Totem Poles: A Once Towering Tradition Risen Again
Totems tell stories—ancient stories, magnificent stories, tragic stories, triumphant stories. They are usually carved from a single tree, often from towering cedars so ubiquitous in the Pacific Northwest and western coastal Canada. Totems embody not only the spirit of the tree, but the spirits of animals from which so much of native life is derived and inspired, as well as the spirits of ancestors and their stories, and sometimes the spirits of mighty mythological creatures or gods. Totems are the Native equivalent of the white man’s Bible: sacred, brimming with allegory, derived from the divine, and often recording a family’s ancestors.
Although the world and even many Americans may associate totem poles with Native Americans in general, totem poles were originally an ancient tradition of only a few specific tribes in a relatively small area of the continent: the Pacific Northwest, western coastal Canada, and Alaska. Six tribes are most often associated with the totem tradition: the Haida of the northern Northwest Coast, the Tlingit and Tsimshian in Southeast Alaska and British Columbia; the Kwakwaka’wakw and Nuu-chah-nulth in southern British Columbia; and the Coast Salish in Washington and British Columbia.
Because totems were carved from cedar trees and wood eventually decays in the moist, rainy climate of the coastal Pacific Northwest, very few ancient totems remain that were carved before 1900. (Some dating to about 1880 have been preserved in museums such as the Royal British Columbia Museum in Victoria; the Museum of Anthropology at University of British Columbia in Vancouver; the Canadian Museum of History in Gatineau, and the Totem Heritage Center in Ketchikan, Alaska.
Because there are few ancient totem relics remaining, the history of totem poles before about 1700 is uncertain. But modern research is gradually yielding more and more clues. Early European explorers and trappers along the western coast told of exterior and interior house totems The earliest known record believed to depict a totem pole is from the Pacific coast voyages of Captain James Cook in 1778, when his ship’s artist, John Webber, sketched ceremonial interior poles depicting faces.
Prior to the 1800s, the lack of efficient carving tools and leisure time to devote to the craft may have limited the number of elaborately carved, freestanding poles. Before iron and steel arrived in the area, axes were unknown. Natives used tools made of stone, shells, or beaver teeth for carving and the process was slow and laborious. It is believed that, by the late eighteenth century, the use of metal cutting tools enabled more complex carvings and increased production of totem poles.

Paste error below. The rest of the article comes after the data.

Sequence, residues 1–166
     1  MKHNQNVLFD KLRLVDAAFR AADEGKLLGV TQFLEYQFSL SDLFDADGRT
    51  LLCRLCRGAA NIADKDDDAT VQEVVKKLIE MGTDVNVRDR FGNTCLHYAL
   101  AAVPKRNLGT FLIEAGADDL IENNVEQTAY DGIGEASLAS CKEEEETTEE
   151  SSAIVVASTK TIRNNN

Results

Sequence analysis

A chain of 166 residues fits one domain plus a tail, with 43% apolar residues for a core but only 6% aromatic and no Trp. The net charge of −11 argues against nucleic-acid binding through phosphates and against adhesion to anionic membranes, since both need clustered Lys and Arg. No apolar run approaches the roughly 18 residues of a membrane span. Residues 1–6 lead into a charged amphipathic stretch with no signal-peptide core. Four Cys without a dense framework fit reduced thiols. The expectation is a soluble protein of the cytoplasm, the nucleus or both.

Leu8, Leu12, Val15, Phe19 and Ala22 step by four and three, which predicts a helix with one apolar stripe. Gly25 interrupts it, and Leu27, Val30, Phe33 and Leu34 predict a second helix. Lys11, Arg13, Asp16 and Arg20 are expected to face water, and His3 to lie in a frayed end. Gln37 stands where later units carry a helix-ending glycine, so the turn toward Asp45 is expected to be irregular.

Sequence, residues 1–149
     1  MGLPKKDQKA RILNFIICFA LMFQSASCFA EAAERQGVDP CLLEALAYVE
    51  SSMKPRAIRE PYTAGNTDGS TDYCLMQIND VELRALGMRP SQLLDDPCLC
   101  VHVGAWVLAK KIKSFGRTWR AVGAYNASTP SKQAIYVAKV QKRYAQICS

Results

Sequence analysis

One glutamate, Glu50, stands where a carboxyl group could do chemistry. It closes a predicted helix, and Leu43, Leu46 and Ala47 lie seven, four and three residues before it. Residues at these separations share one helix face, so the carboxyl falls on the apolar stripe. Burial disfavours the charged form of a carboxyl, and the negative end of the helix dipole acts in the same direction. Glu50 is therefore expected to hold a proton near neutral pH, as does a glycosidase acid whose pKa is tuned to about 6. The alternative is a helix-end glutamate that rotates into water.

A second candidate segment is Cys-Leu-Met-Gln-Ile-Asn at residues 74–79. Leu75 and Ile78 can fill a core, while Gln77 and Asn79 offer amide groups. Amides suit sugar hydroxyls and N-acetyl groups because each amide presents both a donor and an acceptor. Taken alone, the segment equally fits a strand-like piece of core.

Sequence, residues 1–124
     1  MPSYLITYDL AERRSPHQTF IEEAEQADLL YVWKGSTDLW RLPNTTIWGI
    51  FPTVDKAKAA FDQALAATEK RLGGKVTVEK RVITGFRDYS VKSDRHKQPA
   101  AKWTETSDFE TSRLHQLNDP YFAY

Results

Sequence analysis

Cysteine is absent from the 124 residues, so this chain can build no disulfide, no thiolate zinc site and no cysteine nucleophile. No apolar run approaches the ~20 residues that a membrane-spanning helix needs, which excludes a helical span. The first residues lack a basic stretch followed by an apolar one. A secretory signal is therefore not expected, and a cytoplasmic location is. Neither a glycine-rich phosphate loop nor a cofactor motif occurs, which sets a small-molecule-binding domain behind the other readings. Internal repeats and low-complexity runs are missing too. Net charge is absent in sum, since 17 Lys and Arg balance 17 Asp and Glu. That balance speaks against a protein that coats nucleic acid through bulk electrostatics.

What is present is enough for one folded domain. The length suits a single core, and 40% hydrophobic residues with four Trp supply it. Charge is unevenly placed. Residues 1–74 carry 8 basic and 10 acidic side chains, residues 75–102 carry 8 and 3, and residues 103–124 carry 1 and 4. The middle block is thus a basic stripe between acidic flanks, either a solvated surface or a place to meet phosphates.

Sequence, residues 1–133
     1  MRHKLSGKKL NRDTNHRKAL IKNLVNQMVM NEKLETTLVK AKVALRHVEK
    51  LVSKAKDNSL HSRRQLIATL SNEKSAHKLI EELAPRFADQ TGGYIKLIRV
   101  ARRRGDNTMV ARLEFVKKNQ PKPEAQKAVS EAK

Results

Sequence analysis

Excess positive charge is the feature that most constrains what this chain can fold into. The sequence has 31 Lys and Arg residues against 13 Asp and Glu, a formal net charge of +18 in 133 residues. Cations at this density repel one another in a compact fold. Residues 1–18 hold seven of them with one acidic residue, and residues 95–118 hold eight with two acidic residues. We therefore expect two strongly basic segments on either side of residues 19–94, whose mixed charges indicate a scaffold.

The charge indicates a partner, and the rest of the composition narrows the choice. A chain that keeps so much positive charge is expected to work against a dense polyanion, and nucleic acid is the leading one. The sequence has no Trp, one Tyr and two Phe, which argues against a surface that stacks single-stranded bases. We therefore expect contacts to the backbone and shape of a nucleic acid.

The later 1700s and 1800s may have been the golden era for the most spectacular and elaborate totem poles when iron tools were introduced. But the soaring art would be cut short by the decimation and diaspora of Native tribes that plagued Natives in Canada and the Pacific Northwest, just as it did in the Great Plains and all reaches of the North American continent. Government policies in both the United States and Canada forbid the practice of totem carving and the practice of Native religion and traditional cultural practices were discouraged by Christian missionaries as being pagan. In fact, missionaries required tribes and individuals to burn their poles as testament of their acceptance of Christianity.
Still, carving continued in some remote villages or in secret potlatches or inside homes. Rare totems could still be found standing even until 1905. But as villages died out or were abandoned, the totems and the homes rotten away or were vandalized.
In the late 1930s, cultural scholars and an educated and empathetic public began to show interest in the art of totem pole carving. Whispers of the ancient tradition began to return, as if on the wind. In 1938, as part of Roosevelt’s CCC (Civilian Conservation Corps) and WPA (Works Progress Administration) that showed special interest in reviving art, folk art and cultural traditions, prompted the U.S. Forest Service to start a program reconstructing and preserving old totem poles. They salvaged about 200—
roughly a third of those still standing in the U.S. at the time.
It was not until the 1960s that a renewed interest in Native identity, culture and traditions brought back totem pole carving in full bloom. Finally, the American Indian Religious Freedom Act of 1978 made it once again legal for Native Americans to practice their religion and their art. First, colorful totem poles began rising from the earth up and down the western coasts of Alaska, Canada, Washington, then farther south.
But it didn’t stop there. Native artists in many tribes beyond Alaska and the Pacific Northwest began carving and exploring the Native art. As tourists and international travelers admired the touring works of art, totem mania spread around the world. Today, totem—those made by the original totem-making tribes and those of contemporary artists—can be found on all continents of the globe.
It’s not surprising that the world over is enamored of totem poles. The artform embodies both hearts and hands, is organic and spiritual, rooted in the earth but reaching toward the sky, with a visual eloquence and flamboyance beautifully unique to Native American art. Totem poles have risen again— this time to be honored and cherished—for good and forever.
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